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Maine: Anti-Gun Lawmakers To Make Last-Ditch Effort To Save AWB

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Maine gun owners aren’t out of the woods yet concerning the proposed “assault weapons” ban pushed by anti-gun Democrat lawmakers this session.


While Gov. Janet Mills vetoed LD 2086 back on April 29, some in the legislature are attempting to override the governor’s veto. And tomorrow, both the state Senate and House will be holding a vote that will either uphold or override that veto.


In her veto message concerning the measure, Mills said the bill might unintentionally ban weapons that responsible gun owners use for hunting or target shooting. While Mills said she agreed that semi-automatic firearms converted into the functional equivalent of a machine gun should be restricted, she said she was concerned that certain language in the bill could have a “risk for unintended consequences.”


“Such legislation should only be developed in a deliberate, inclusive and clear manner for both gun safety advocates and those concerned with protecting lawful access to firearms,” Mills said in the veto message.


In fact, the governor’s fears were well founded. The legislation would actually create a backdoor ban on commonly owned firearms and firearm parts by redefining a “machine gun” to include any semi-automatic firearm that includes parts that could “increase the rate of fire.”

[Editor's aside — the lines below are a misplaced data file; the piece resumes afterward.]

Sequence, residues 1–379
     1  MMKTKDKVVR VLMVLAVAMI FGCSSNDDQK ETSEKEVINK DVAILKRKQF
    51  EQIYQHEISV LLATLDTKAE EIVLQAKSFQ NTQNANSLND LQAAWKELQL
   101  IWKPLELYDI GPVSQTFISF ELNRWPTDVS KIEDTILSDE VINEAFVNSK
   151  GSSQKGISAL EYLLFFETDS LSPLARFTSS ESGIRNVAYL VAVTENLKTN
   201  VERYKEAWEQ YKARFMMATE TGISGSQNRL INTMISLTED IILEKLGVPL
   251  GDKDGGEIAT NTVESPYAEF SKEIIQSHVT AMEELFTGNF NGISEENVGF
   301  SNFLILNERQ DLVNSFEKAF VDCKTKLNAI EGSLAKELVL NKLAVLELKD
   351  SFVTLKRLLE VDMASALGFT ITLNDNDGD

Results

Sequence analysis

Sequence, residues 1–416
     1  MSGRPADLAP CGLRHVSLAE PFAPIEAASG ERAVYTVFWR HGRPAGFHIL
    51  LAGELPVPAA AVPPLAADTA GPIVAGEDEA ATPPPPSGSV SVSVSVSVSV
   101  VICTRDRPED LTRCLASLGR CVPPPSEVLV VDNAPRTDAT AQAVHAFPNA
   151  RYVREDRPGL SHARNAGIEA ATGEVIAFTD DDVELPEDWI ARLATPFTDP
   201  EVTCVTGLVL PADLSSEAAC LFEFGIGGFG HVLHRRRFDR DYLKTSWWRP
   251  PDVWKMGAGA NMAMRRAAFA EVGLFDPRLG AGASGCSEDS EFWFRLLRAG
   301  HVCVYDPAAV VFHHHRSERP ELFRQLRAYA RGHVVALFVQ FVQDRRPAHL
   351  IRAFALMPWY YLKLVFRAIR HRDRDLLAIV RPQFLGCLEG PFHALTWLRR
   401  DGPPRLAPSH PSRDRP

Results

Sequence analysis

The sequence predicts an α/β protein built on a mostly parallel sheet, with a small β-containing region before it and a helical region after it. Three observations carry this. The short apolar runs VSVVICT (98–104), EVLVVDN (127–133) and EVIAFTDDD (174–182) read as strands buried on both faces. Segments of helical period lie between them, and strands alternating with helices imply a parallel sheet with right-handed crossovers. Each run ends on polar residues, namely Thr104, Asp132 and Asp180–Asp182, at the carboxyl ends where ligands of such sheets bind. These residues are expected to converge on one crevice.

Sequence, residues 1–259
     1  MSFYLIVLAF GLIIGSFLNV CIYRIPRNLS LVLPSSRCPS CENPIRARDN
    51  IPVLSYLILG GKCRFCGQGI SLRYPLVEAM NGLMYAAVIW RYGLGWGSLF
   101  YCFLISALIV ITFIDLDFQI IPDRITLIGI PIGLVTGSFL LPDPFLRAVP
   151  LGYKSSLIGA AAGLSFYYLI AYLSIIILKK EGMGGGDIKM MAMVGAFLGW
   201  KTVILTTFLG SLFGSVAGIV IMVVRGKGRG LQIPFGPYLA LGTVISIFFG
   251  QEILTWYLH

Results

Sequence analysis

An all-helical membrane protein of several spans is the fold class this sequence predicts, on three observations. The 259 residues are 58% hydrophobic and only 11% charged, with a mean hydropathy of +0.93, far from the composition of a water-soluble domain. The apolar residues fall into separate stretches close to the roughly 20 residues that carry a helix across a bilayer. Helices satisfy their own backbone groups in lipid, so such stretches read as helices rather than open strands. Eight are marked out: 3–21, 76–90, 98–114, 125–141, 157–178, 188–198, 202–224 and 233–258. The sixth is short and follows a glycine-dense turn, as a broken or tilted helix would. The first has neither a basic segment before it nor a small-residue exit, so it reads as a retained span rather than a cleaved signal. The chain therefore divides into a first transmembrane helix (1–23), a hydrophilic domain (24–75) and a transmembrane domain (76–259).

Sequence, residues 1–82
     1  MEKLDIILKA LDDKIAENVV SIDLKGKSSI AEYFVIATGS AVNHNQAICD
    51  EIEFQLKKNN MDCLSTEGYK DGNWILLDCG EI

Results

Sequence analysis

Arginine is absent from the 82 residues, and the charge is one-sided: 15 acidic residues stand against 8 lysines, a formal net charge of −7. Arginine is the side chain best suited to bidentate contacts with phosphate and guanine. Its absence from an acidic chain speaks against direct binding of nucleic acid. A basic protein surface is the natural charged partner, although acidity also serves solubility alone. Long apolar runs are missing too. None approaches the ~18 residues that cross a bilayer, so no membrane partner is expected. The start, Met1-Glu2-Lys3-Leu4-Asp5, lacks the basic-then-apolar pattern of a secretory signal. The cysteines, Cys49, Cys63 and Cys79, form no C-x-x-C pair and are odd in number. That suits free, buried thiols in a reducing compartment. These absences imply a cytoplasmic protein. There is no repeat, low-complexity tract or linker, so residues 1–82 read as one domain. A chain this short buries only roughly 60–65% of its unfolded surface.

As Gun Owners of Maine said in a recent update to members: “Destruction of firearms and alterations in the definition of Machine Gun to include commonly owned semi-automatic firearms modifications is not only a waste of perfectly good firearms, it is a stepping stone to a ban on ‘assault’ weapons. This amendment brought to light the fact that Maine’s current statute surrounding the definition of a Machine Gun (as assessed by attorneys specializing in firearms) could be construed to include shotguns/buckshot/snake shot. Yes, this law has been on the books for decades, but it is out of step with federal law and frankly, ‘intentions’ of politicians who seek to remove firearms from the hands of law-abiding citizens is not something we trust. This definition needs to be amended and we will be seeking to do so next session.


Maine gun owners found themselves under heavy fire by gun-hating Democrats this legislative session following last fall’s mass murder in Lewiston. The governor allowed a measure requiring a three-day waiting period before gun purchasers who have already passed the federal background check can have a new gun transferred to them. She also signed bills making it easier to confiscate firearms without due process, requiring background checks for private sales through online means and strengthening a law that forbids the “reckless” sale of a gun to a prohibited person.


Interested Maine gun owners should contact their Senator or Representative immediately and ask them to vote to uphold the governor’s veto on the “assault weapons ban.”

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